This isn’t a huge disaster so I didn’t feel a need to rip out the seams and do them over. It just means I have to get creative and disguise the less than perfect line. I pondered whether to use buttons but finally decided to add a bow and ribbon rose. It turned out lovely! And if I hadn’t told my secret here I’m pretty sure no one would’ve noticed, but it’s all part of the fun of making tea cozies. Should I add buttons? Nah. A ribbon bow and tiny rose cover imperfections

I’m almost done! It’s time to add the lining. Earlier, I placed different colored fabrics under the cozy and looked at it as if it’s the lining to get an idea what the finished cozy would look like. If a color works for me I cut out and stitch a lining using the cozy pattern. This gives me an idea of what it will look like.

I slip the cozy, right side out, into the lining which is inside out, line up the side seams, pin them, and stitch cozy and lining together. Using the sleeve arm on my sewing machine makes this easy. Right side out goes inside inside out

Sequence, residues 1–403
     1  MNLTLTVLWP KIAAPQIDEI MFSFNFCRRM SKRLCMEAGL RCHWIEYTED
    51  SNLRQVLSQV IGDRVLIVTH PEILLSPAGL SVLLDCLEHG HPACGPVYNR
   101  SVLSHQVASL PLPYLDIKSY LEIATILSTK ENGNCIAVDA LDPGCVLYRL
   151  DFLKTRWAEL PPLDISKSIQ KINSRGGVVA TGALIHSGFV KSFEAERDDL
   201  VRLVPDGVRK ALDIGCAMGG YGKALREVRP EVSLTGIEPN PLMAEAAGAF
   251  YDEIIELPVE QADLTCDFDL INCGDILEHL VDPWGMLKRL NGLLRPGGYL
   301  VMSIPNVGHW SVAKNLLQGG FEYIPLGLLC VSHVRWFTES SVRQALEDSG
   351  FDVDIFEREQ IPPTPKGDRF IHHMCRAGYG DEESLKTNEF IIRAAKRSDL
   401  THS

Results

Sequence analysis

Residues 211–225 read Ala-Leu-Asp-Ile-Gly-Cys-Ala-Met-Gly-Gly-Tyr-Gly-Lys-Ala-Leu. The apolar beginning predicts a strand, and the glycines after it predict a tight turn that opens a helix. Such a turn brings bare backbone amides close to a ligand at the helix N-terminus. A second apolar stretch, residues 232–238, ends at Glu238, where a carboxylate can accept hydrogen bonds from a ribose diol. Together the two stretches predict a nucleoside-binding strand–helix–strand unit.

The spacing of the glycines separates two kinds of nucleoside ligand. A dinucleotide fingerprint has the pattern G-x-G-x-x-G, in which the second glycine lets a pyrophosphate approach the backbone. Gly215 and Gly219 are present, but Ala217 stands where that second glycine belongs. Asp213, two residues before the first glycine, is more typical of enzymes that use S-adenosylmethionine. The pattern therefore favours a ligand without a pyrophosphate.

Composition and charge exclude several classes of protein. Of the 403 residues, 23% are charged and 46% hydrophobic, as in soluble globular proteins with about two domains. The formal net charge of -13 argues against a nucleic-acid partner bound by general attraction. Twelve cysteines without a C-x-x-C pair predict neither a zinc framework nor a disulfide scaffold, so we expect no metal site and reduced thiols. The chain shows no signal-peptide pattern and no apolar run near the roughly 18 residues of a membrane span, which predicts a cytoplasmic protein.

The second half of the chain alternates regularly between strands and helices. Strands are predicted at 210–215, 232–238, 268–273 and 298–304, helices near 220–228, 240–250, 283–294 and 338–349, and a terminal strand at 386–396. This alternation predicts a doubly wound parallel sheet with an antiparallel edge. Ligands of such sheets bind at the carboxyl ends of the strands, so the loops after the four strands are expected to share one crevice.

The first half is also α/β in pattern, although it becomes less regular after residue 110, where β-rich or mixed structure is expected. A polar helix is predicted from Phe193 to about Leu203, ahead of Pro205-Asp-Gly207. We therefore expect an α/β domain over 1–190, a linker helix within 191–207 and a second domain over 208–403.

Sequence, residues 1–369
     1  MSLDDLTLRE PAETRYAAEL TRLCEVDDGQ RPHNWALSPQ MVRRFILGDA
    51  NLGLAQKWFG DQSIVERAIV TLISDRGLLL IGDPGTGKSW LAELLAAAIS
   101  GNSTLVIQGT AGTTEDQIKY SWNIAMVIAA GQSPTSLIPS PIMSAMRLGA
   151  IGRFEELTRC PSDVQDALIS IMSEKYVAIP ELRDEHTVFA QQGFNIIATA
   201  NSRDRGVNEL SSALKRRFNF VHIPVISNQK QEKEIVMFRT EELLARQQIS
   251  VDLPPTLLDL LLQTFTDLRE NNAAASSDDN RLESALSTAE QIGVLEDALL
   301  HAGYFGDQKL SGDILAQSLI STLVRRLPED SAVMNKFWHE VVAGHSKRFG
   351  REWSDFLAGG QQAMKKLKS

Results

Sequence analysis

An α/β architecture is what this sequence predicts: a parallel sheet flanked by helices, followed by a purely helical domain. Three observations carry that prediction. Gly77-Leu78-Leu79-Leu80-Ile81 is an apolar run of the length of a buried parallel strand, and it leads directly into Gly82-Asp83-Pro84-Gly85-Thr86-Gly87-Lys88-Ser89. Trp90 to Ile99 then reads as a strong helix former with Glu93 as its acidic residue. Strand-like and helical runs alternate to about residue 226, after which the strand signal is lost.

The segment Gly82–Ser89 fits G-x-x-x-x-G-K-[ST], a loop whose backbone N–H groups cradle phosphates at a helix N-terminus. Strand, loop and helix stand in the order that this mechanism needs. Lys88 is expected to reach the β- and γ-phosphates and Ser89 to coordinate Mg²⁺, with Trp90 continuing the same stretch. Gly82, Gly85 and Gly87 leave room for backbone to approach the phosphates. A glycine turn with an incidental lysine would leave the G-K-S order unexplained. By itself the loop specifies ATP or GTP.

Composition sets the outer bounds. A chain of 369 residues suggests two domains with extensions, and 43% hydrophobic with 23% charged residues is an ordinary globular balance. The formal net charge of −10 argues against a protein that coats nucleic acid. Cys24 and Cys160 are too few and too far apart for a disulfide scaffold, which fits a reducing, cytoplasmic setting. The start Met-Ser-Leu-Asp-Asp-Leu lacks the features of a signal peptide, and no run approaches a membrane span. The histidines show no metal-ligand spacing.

Next, I use a seam ripper to make a 2 to 3 inch opening in the lining seam. Opening the lining to turn the work

I pull the work through the opening and turn the entire project right side out. It takes a little tugging and I have to be careful not to damage embellishments. If necessary, I’ll make the opening larger so I can easily pull the cozy right side out. On the other hand, I figure if the cozy can’t take a little abuse it’s not going to last long in someone’s kitchen! So, this is sort of the final quality control test.Turning the work right side out